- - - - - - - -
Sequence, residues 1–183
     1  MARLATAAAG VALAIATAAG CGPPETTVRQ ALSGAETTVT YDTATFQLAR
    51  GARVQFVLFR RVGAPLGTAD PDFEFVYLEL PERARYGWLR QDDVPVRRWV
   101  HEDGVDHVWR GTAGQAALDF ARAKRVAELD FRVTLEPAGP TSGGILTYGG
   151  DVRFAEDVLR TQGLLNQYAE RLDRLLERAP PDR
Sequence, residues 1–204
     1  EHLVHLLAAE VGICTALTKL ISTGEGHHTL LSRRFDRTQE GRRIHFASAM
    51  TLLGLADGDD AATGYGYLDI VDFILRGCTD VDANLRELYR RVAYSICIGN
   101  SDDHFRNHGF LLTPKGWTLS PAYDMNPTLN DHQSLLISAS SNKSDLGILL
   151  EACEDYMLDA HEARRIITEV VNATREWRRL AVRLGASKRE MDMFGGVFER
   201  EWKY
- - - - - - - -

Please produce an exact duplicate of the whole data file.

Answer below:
Sequence, residues 1–183
     1  MARLATAAAG VALAIATAAG CGPPETTVRQ ALSGAETTVT YDTATFQLAR
    51  GARVQFVLFR RVGAPLGTAD PDFEFVYLEL PERARYGWLR QDDVPVRRWV
   101  HEDGVDHVWR GTAGQAALDF ARAKRVAELD FRVTLEPAGP TSGGILTYGG
   151  DVRFAEDVLR TQGLLNQYAE RLDRLLERAP PDR
Sequence, residues 1–204
     1  EHLVHLLAAE VGICTALTKL ISTGEGHHTL LSRRFDRTQE GRRIHFASAM
    51  TLLGLADGDD AATGYGYLDI VDFILRGCTD VDANLRELYR RVAYSICIGN
   101  SDDHFRNHGF LLTPKGWTLS PAYDMNPTLN DHQSLLISAS SNKSDLGILL
   151  EACEDYMLDA HEARRIITEV VNATREWRRL AVRLGASKRE MDMFGGVFER
   201  EWKY